One of the things I missed about my old sports writing job in Ohio was the opportunity I had to cover the high school state wrestling tournament at Ohio State University’s Schottenstein Center.
So, when I was asked to go for the last day of Missouri’s state tournament this year, I certainly didn’t mind having to wake up at dawn Saturday morning after the usual late Friday night of work in order to make the drive to Mizzou Arena.
While there are some differences between Ohio and Missouri’s state tournaments – chiefly that Missouri has four classes and just one set of qualifying tournaments, whereas Ohio has three classes and wrestlers have to get through two tournaments before state – I was pleasantly reminded of the reasons I enjoyed the last weekend of the wrestling season so much and why the sport is unique.
One gets to glimpse the best from all over the state, and in the case of area athletes, see them one last time – sometimes as they’re making history. To witness the mat artistry from the likes of Blue Springs’ Daniel Lewis and Michael Pixley is to see something you don’t forget for a long time.
Not only does wrestling put an individual in the spotlight for one-on-one competition more so than any other high school sport – in track or swimming one individual is against several others at once – but perhaps no other sport puts one athlete’s emotions display as much, or produces such range of emotions.
That’s not to say other sports don’t produce lots of emotion. But fans can’t see it as much through the football helmet, and one person’s display isn’t likely to stand out amongst a basketball, baseball or softball team.
From a single bout, you might get one person on their knees or their back, hands covering the head; and another person doing some combination of yelling, flexing or pointing to acknowledge the support of his school’s pocket of fans somewhere in the arena.
As members of the media, we sometimes get to see these athletes underneath the stands as well. It certainly isn’t fun to see them trying to hold back tears, but we know that unless it was their last match, tomorrow or later even the next hours bring a chance to completely reverse that emotion.
One particularly memorable bout was the Class 4 220-pound championship matchup between Blue Springs South’s Christian Boyles, a state qualifier last year at 195, and McCluer North’s Travon Butler, last year’s third-place finisher at 220.
Boyles forced overtime with a takedown in the waning moments of the third period. During the extra minute, both wrestlers appeared to have a good grasp of each other as they fell on their shoulders. Around the arena it might have appeared to still be a stalemate. But the referees ruled Boyles had more control for the takedown, giving him the title.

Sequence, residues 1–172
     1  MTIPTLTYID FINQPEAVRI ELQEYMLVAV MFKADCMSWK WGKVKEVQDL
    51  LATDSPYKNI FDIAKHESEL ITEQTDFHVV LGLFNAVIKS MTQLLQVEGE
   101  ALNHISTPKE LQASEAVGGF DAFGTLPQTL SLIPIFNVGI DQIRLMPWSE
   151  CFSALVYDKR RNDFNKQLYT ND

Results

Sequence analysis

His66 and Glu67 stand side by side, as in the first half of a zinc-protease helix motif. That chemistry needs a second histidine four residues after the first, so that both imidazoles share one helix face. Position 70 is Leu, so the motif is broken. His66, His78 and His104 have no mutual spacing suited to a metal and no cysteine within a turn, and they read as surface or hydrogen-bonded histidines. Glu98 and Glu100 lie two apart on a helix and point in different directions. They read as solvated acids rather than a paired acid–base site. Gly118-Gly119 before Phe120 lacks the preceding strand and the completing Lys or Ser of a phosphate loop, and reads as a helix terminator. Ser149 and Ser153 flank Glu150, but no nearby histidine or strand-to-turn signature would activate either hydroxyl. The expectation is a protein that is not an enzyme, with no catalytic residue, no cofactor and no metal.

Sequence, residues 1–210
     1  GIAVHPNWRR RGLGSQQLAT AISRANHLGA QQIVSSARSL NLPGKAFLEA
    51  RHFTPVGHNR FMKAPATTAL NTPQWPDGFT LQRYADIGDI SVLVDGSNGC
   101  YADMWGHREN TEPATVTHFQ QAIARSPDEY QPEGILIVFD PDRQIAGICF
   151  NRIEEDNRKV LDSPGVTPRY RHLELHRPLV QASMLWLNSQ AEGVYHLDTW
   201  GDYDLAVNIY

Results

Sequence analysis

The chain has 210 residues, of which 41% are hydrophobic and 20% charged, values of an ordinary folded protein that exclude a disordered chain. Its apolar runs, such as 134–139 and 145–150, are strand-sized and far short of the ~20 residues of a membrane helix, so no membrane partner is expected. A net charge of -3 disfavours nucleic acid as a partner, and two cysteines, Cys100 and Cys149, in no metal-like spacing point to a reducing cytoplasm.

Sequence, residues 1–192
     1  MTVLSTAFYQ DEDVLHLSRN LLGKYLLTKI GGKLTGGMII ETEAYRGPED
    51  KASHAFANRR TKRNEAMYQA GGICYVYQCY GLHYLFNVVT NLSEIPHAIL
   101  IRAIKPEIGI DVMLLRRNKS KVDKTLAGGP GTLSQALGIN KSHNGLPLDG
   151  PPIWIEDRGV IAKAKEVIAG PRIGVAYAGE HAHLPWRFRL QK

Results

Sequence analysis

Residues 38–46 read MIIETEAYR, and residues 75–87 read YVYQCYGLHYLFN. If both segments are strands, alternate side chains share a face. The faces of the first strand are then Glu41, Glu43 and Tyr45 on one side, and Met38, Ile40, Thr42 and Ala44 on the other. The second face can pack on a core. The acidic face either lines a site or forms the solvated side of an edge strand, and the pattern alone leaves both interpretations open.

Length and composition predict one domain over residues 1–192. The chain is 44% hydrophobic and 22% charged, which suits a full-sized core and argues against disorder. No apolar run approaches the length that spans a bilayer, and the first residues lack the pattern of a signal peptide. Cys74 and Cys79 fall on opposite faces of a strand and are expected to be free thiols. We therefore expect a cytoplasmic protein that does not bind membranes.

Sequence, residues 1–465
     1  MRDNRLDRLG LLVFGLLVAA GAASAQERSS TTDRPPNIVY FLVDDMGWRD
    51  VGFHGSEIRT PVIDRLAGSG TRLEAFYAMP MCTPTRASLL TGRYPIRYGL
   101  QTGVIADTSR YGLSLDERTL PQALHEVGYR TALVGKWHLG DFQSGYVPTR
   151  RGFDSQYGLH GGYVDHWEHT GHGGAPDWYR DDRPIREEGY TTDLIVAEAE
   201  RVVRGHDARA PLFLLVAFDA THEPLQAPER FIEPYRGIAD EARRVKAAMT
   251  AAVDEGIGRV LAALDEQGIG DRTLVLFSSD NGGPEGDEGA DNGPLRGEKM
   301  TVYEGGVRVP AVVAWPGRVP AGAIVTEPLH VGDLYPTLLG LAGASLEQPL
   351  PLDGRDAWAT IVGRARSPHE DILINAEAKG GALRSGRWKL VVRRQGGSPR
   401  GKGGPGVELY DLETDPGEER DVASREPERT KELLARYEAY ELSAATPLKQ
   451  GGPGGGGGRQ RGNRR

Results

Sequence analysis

While Boyles – with blood and sweat dripping down his face like a boxer after a dozen rounds – yelled in ecstasy and pointed to the combined Blue Springs cheering section nearby, Butler was on his knees in agony and disbelief, thinking the match should either still be going or that he should have won instead.
As Butler unshouldered his singlet and stormed off the arena floor to a chorus of boos, while Boyles received some congratulatory hugs from teammates. When Boyles got off the arena floor, deep underneath the stands, he let out a couple primal screams of joy, eliciting some grins from other wrestlers who had witnessed the match’s end.
When it came to stride atop the podium and receive medals, the crowd could see Butler’s failed attempt to hide back tears, and gave him only a warm round of applause for his effort. After Boyles took his place up top Butler, a look of appreciation on his face, offered a handshake that doubled that applause.
Just two athletes – equally valiant in their efforts and separated by a single ruling – displayed about as variance of human emotion as one could imagine in a short time span. It was a great sight to help end a fun assignment.
Mike Genet is the assistant sports editor for The Examiner. Reach him at email@example.com or call 816-350-6319. Follow him on Twitter: @genetEJC